We all have bodies. We all have brains. It’s fairly easy to talk about when things aren’t going well physically (ex. “My back hurts”, “My migraines are kicking up”, “I’ve got to manage my sugar levels”) and fairly difficult to talk about when things aren’t going well emotionally (“I’m feeling more sad than I’ve ever felt”, “I’m having nightmares ever since I had this traumatic experience last year”, “I just spent the afternoon in the ER thinking I was having a heart attack and just learned it was really a panic attack”).
We all have mental health. Sometimes we have seasons where our mental health needs a tune up and could benefit from talking to a therapist or confiding in a peer who might have had a similar experience. But emotional wellness / mental health is difficult to talk about. It’s a misunderstood topic and is laden with shame.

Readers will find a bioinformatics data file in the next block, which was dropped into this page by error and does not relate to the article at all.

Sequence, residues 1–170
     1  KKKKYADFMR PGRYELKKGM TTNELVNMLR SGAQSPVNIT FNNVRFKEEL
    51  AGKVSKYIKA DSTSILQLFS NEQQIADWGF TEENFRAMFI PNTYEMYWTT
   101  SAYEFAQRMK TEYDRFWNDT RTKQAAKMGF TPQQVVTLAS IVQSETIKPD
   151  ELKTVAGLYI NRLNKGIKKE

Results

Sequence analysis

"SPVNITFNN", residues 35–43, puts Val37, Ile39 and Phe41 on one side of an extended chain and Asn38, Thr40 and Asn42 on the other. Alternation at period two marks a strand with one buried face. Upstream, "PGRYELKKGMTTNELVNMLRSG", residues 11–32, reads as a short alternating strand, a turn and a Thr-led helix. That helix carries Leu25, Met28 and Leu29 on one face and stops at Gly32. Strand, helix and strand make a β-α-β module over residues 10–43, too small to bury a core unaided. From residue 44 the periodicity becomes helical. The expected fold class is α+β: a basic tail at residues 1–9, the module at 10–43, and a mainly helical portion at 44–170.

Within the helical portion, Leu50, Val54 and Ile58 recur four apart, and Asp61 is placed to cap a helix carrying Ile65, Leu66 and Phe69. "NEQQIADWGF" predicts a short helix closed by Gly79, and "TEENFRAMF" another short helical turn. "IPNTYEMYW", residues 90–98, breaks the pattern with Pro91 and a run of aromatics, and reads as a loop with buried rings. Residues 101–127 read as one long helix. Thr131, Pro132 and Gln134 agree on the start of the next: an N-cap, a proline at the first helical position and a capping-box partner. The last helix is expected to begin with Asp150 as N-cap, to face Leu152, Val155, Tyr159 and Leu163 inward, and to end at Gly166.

My dream is for mental health to be talked about more openly so that people in pain won’t feel like they have to walk through it alone. Statistically one in five people experience mental health issues. In a town this size, that’s a fair number. Since I’ve lived here, there have been several suicides. It’s not public knowledge because it’s so deeply painful and personal. Ten years ago, my husband had a complete breakdown, was hospitalized several times and was suicidal for years before he got well. Prior to this time, he had no history of mental health issues. It was an incredibly difficult and lonely experience for us both
I didn’t know anything about mental health issues before that time. No one in my circle of friends or family had ever talked about mental health. I want to change that for people by creating simple info kits that will do two things:
1 – Describe in simple terms what anxiety, depression, PTSD, Psychosis might
feel like to a person going through them so that readers might recognize symptoms in themselves.
2 – Offer initial resources for getting help so that reader will know how to get help.
Financiado pelo capítulo Georgetown, MA (September 2021)